I’ve written before about James Howard Kunstler. He’s perhaps the nearest thing urbanism has to a rabid bulldog. I usually agree with most of what Kunstler has to say, although I often cringe at how he expresses himself. I prefer not to describe urbanism as “smart growth” for fear of appearing condescending to folks who haven’t yet seen the light. I similarly worry that Kunstler runs the risk of unnecessarily radicalizing the advocates of sprawl.
With that said, I still acknowledge that a Kunstler rant can be great fun. And the Chris Christie bridge scandal gave Kunstler a fine opportunity to become apoplectic.
I don’t agree with everything Kunstler writes about Christie or New Jersey, but I think Kunstler speaks a lot of truth, even if the volume level is higher than I would have set it. Take a read and see what you think.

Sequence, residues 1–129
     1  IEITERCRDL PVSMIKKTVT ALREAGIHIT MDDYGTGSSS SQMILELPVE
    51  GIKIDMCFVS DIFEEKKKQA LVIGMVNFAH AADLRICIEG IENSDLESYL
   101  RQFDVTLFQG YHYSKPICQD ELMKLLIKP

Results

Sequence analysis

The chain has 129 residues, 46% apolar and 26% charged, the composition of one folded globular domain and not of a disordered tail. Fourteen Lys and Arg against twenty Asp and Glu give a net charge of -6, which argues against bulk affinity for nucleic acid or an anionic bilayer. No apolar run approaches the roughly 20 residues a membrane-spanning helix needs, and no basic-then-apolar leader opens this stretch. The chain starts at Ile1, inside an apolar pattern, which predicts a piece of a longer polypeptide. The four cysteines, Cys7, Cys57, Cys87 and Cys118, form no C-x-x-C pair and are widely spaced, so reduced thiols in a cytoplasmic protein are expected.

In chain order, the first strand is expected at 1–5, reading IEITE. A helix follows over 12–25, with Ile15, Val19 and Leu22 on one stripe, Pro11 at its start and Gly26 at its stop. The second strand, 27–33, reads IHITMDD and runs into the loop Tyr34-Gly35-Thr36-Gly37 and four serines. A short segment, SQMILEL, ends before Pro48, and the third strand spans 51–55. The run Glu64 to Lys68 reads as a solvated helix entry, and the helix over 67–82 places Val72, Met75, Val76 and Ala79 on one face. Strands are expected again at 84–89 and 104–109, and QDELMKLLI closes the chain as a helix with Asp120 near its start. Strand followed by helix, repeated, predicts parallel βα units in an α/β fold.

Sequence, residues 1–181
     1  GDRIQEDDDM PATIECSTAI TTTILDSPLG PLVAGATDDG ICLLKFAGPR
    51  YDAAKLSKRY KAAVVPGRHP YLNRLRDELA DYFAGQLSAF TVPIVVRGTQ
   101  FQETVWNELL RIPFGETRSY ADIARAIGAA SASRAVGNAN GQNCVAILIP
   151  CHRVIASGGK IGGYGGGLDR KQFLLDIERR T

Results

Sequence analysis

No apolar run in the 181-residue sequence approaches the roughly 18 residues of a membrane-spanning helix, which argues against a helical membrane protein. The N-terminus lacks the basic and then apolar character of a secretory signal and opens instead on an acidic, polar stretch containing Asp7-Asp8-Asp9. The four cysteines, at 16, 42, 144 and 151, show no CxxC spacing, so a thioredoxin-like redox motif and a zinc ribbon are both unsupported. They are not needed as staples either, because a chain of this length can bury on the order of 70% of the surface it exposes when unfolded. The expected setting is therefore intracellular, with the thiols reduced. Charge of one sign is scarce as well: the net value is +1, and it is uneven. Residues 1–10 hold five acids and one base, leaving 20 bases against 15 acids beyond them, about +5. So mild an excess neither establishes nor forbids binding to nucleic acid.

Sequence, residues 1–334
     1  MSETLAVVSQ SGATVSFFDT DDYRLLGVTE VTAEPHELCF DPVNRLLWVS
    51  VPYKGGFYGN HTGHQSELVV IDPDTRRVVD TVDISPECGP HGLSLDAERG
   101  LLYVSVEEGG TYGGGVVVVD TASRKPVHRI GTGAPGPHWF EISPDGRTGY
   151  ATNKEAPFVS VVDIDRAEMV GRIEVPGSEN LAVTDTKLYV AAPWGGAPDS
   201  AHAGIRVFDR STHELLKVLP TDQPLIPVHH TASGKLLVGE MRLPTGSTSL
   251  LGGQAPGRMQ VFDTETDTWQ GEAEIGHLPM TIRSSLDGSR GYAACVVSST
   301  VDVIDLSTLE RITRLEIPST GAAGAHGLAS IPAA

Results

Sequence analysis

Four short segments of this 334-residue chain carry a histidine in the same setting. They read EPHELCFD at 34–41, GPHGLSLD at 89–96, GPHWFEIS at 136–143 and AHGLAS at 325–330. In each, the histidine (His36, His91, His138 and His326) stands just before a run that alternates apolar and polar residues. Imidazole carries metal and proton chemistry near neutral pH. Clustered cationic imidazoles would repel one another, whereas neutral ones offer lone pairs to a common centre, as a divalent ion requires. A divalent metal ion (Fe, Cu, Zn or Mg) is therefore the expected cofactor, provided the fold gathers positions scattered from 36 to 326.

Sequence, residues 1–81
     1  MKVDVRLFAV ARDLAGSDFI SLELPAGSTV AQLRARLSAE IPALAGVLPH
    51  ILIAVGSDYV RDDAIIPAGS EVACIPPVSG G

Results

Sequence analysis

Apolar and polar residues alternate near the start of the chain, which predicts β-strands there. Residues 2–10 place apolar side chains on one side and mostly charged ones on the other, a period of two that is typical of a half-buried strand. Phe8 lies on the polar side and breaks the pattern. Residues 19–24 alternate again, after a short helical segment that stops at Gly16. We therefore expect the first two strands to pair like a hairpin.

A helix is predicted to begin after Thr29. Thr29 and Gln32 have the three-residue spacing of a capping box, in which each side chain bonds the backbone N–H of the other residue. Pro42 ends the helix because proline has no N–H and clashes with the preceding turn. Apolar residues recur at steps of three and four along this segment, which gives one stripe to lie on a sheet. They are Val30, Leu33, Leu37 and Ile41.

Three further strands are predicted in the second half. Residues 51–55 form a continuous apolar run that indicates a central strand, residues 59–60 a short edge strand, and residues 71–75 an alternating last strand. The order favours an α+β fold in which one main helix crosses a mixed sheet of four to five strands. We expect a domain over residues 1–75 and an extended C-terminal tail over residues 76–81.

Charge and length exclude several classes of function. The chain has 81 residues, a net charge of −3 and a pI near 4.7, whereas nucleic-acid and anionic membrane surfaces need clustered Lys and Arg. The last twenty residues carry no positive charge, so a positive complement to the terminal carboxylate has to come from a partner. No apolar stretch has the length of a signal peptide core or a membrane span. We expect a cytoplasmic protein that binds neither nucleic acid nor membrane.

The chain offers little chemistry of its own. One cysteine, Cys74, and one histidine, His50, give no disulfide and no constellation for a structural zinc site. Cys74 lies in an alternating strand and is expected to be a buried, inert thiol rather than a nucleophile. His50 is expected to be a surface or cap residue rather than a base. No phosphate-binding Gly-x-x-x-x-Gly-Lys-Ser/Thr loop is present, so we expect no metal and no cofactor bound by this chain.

If I haven’t exhausted your willingness to read links, let me offer another one. Rather than urbanism, this one is more about how a food craze grew out of a woman’s attempt to strengthen her hold on mental health. But there are a couple of urbanism insights that caught my attention in a very fundamental way. One has to do with building relationships with strangers on a street corner. The other speaks to how to build community among the patrons of a coffee shop. And both use coconuts.
If that sounds interesting, take a look at this story about the growing toast craze.
As always, your questions or comments will be appreciated. Please comment below or email me. And thanks for reading. - Dave Alden (firstname.lastname@example.org)